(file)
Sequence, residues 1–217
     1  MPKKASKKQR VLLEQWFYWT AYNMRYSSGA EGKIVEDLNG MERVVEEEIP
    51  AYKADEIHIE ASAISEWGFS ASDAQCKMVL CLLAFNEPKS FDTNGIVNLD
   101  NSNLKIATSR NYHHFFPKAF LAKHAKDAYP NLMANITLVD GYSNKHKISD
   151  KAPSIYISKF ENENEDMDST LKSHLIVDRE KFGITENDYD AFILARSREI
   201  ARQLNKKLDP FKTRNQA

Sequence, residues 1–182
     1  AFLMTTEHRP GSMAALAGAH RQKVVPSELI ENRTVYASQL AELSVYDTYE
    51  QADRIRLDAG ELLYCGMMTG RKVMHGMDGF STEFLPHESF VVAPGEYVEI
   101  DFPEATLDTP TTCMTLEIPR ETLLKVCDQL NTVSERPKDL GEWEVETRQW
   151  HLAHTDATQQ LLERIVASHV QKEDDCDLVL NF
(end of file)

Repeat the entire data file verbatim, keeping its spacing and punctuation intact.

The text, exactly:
Sequence, residues 1–217
     1  MPKKASKKQR VLLEQWFYWT AYNMRYSSGA EGKIVEDLNG MERVVEEEIP
    51  AYKADEIHIE ASAISEWGFS ASDAQCKMVL CLLAFNEPKS FDTNGIVNLD
   101  NSNLKIATSR NYHHFFPKAF LAKHAKDAYP NLMANITLVD GYSNKHKISD
   151  KAPSIYISKF ENENEDMDST LKSHLIVDRE KFGITENDYD AFILARSREI
   201  ARQLNKKLDP FKTRNQA

Sequence, residues 1–182
     1  AFLMTTEHRP GSMAALAGAH RQKVVPSELI ENRTVYASQL AELSVYDTYE
    51  QADRIRLDAG ELLYCGMMTG RKVMHGMDGF STEFLPHESF VVAPGEYVEI
   101  DFPEATLDTP TTCMTLEIPR ETLLKVCDQL NTVSERPKDL GEWEVETRQW
   151  HLAHTDATQQ LLERIVASHV QKEDDCDLVL NF